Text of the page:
As you say though, many home games, even ones playing entirely "by the book", would benefit from using a more limited subset. I mean, in practice, you HAVE to use a limited set anyway, but what I mean is, from intentionally restricting the options at the outset of a campaign. Which doesn't have to be the GM's responsibility alone. It can be a collaborative worldbuilding exercise.

      For example, in my Barrowmaze / In the Shadow of Mount Rotten campaign, I had Dwarven Delvers and Dwarven Machinists, and Elven Courtiers and Enchanters, instead of their more usual versions. I also added the human Venturer mercantilist class. It kind of changed the mood of things in a way that I liked.

  2. These are all great, more interesting alternatives to dark vision. I feel like there's a lot of room for interesting abilities if we play more with the 5 senses. Echolocation is just dark vision for your ears basically.

    1. I mostly worked with vision and smell (well, and "spider sense" sort of) but you're right, there's a lot of room for other abilities.

      I just feel like, since 5e already decided that virtually every race gets a divination ability, more variety would be nice. You could do something like this with a handful of GLOG races, if you were so inclined.

  3. I think that darkvision is a bad ability and I don't include it in my games--these are, by and large, refreshing alternatives.

    There are two main reasons I dislike darkvision.
    1) It's passive. Passive abilities are often forgotten about by both the player and the GM (especially if I'm GMing - I got enough to think about). When it's brought it up, it's often breaks the flow of the narrative. "Oh, wait, no, duh, you can see it Legolas. You wouldn't have been surprised by the Bugbear. Uhhh. Sorry."
    2) Information disparity. If 1 person in the party has (and remembers to use) darkvision, essentially everybody in the party does. "OK, I might not be able to see the bugbear in the darkness, but I can tell that Legolas is firing arrows at something and so I'm going to get closer until it's in the range of my torch." Or worse, only some players gets to interact with the environment while the humans and halflings have to sit around blind and unhappy.

    The ideas that are more active in your list especially delight me, especially the halfling's "sniff out food" ability.

    1. Oh wait I forgot another reason I hate it!

      3) Removes dungeoneering. Dungeons should stay scary. Darkness is one of the main vectors. Carrying candles and torches is a genre staple that should stay at every level. Introducing spells and abilities that overcome the basic dangers of the dungeon remove one half of the name of the game, and then it's just "Dragons," which is not as fun.

    2. The halfling one is my personal favorite, and it might be interesting to try thinking of other abilities that are more like it. Maybe some dwarves can "smell iron" which leads them to any kind of blacksmithing room or armory. Maybe some really literary race is drawn to the library.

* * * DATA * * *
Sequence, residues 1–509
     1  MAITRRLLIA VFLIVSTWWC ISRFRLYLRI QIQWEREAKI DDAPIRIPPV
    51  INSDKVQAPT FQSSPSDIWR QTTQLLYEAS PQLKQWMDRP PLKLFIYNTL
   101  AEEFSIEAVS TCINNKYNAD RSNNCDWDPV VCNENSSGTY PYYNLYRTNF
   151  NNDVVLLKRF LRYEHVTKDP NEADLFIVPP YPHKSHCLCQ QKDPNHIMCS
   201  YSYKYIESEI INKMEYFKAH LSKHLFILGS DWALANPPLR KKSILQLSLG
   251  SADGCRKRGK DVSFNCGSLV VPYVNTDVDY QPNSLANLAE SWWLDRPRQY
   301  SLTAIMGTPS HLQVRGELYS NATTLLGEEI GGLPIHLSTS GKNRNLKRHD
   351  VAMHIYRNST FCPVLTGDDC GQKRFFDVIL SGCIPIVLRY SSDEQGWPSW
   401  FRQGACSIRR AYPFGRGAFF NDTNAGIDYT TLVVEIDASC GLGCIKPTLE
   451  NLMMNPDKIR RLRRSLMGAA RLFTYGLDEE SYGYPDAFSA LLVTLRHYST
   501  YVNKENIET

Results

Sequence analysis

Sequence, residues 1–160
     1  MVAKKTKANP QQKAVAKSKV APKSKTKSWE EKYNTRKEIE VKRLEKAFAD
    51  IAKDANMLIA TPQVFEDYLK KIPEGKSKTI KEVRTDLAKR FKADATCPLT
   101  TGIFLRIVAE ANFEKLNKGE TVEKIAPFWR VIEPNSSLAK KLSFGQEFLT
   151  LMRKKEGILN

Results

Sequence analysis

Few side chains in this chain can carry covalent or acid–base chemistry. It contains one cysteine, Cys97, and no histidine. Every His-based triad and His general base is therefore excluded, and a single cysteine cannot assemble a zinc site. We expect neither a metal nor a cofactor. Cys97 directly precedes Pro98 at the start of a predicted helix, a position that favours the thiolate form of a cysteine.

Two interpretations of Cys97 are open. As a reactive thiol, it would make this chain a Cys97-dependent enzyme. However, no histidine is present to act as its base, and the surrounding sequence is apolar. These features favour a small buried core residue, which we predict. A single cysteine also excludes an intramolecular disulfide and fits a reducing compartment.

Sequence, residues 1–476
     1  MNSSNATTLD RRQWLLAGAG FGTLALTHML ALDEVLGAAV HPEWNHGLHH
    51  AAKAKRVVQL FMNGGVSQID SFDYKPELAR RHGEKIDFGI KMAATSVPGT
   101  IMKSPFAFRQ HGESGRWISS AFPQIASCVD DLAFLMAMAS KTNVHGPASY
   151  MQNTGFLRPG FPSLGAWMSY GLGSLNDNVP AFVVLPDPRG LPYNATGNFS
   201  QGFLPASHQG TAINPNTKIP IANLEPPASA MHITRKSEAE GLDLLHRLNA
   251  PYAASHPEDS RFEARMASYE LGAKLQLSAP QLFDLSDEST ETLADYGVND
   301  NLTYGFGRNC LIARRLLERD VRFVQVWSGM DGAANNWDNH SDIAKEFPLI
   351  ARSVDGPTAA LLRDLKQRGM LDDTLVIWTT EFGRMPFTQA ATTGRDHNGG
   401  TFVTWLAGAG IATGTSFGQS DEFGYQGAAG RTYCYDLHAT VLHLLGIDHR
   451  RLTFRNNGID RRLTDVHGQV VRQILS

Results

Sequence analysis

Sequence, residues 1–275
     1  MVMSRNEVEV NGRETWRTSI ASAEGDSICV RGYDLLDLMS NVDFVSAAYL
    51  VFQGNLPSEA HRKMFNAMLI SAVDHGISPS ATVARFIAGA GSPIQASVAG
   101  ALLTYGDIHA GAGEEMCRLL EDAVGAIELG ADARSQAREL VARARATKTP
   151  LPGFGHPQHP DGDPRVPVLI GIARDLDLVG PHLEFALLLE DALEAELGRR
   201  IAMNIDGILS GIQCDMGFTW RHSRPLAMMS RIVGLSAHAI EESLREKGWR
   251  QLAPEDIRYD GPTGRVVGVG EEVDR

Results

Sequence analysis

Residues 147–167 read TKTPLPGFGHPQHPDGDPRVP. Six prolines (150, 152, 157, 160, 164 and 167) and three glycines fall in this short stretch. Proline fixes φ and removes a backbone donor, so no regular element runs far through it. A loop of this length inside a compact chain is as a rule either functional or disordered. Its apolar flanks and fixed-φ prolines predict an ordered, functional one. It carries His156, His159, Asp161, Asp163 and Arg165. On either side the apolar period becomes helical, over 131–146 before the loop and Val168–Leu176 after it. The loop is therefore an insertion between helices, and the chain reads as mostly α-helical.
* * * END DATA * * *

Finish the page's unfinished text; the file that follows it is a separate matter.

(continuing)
Anyway yes, all three of your points are really cogent. Active abilities are more interesting than passive ones (which are also easy to forget), they invite a kind of kludgy metagaming where everyone who doesn't have darkvision has to pretend they can't hear certain descriptions, and yeah, it removes an element of dungeoneering that some people want, in a way that's not necessarily so easy to put back.

      (Actually, is that last statement true? I mean, yes, the GM has to get their players to agree to give up darkvision, cantrip light, and permanent light ... but the GM ought to be getting their players to agree that they want to play a darkcrawl game in the first place. So is that extra step actually a burden?)

  4. Two thoughts.
    A) Those are great replacements for darkvision - I especially like that they are almost all non-combat abilities. Giving PCs different odd, highly situational abilities encourages their use and through them schemes and plans beyond "move to next encounter and engage in tactical combat or skill challenge".

    B)You offer a good reminder that there are extraordinary abilities of perception accorded to PCs without mechanics or being noted in the rules at all (coin hoard counting etc.) and it's useful to remember that antagonistic isn't just suddenly providing bad choices or concealing information, but also changing norms or expectations without notice.

    1. I guess being able to see and hear during combat is important, but I mostly think of PC senses as applying to the task of exploration. Which I guess is why I wrote them the way I did. I'm glad you like that aspect though.

      To your second point, right, if your goal as a GM is to not be your players's adversary (a good goal!) then it's always going to be useful to think about what they expect and try not to violate those expectations without warning them first, and maybe getting them to explicitly agree to them. For example, if you're going to take away the "compass sense" that most PCs get by default, that shouldn't be a surprise you spring on them.

  5. Yep, darkvision is annoying, and I've never been a huge fan of "infravision" either (seemed too sci-fi to me.) Your thoughts are spot-on, with creative alternatives.

    1. Thermal vision is pretty sci-fi, isn't it? I'm glad you liked some of my ideas!

  6. Wow, very cool and evocative. Thank you!